But, again, do make sure you have a firm diagnosis, so that the treatment plan can be tailored to the problem.

Hope you find a solution, so that you son can play.

Good luck.


PS: You state you saw a hand surgeon, who would normally be the one to manage a wrist problem, but, you might want to see if you could consult a sportsmedicine orthopedic surgeon. Sometimes, hand surgeons tend to follow the usual treatment plans, rather than look at the patient as an athlete. Just a thought, if playing is extremely important.

Again, good luck.
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replied January 31st, 2012
Hi Gaelic,

Thank you so much for your response. The MRI showed some swelling and fluid but nothing torn. The surgeon thinks the pain is caused by the bone rubbing against the ligaments. He suggested to do an arthroscopy first to see what is going on with the ligaments and fix it. He is hesitant about the surgery becuase of his age and don't want to damage his growth plates like u said. He said he could cut the ulna in the middle and shorten it but worried because we are not sure how things will work out as the bones continue to grow. Also concerned about the healing because of something about the position of the bone and there is less protection. He let us decide and told my son to do whatever he does normally as the condition won't deteriorate. If he can withstand the pain and go with Tylenol and advil. His season is going to be over in Febrary. I will consult a sports orthopedic also.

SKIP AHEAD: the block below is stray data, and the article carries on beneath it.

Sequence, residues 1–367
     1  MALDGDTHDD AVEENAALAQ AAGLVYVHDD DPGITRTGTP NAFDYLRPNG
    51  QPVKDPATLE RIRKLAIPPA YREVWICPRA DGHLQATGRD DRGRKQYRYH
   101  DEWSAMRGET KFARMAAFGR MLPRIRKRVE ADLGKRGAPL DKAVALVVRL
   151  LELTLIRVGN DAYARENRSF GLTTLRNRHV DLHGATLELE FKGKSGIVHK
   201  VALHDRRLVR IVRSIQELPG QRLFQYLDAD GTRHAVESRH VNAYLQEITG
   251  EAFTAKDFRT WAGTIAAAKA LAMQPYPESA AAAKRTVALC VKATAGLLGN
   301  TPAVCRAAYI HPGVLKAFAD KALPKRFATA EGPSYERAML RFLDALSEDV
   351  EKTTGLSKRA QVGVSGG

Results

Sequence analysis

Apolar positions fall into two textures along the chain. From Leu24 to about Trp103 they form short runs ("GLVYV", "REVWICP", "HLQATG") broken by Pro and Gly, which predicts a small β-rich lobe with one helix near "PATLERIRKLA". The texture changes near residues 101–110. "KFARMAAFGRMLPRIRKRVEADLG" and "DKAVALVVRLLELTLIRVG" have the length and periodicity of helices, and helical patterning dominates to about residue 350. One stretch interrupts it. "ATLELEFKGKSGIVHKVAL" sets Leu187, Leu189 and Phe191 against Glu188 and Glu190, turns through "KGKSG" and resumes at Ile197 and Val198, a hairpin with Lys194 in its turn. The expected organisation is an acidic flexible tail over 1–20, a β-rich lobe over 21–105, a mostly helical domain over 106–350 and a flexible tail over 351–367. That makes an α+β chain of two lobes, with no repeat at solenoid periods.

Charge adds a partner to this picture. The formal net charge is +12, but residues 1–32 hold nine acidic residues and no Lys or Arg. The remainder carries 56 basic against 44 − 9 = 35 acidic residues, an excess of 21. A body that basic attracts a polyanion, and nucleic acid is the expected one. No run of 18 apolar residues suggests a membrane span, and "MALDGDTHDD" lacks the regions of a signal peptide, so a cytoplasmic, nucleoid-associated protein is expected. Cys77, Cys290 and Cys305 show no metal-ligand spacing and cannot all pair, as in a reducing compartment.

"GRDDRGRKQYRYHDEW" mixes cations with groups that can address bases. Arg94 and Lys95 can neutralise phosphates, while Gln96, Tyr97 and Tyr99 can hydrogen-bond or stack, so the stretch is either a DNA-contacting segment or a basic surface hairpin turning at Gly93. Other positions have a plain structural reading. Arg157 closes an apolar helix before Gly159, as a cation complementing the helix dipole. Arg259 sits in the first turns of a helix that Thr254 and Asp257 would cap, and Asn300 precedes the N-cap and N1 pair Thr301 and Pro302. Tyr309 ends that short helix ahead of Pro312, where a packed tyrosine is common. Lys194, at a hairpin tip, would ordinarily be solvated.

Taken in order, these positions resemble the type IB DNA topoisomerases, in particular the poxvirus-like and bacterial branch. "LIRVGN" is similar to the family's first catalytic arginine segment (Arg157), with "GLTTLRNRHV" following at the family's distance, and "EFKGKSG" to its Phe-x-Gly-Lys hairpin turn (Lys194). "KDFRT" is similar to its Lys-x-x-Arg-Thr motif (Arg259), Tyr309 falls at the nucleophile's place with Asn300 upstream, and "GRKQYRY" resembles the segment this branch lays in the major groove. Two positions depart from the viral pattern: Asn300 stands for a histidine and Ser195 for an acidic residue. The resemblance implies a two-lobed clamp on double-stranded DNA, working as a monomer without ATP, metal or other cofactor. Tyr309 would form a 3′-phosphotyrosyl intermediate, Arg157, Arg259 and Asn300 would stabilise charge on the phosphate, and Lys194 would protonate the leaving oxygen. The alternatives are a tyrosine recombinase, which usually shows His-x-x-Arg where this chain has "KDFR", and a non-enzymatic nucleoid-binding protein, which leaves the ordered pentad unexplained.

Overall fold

So, the condition won't outgrow itself?

Thanks again for your suggestions.

sman
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replied January 31st, 2012
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Sman,

Like the surgeon stated, you really don't know how a kid's bones are going to actually turn out once they are done growing.

We can make overall predictions, based on previous growth and current length, but, when the human body is involved, who knows.

So, it could be that: the bones (radius and ulna) equal out and the wrist is level or they could continue to grow like they are now and have the wrist end up with a final ulnar positivity.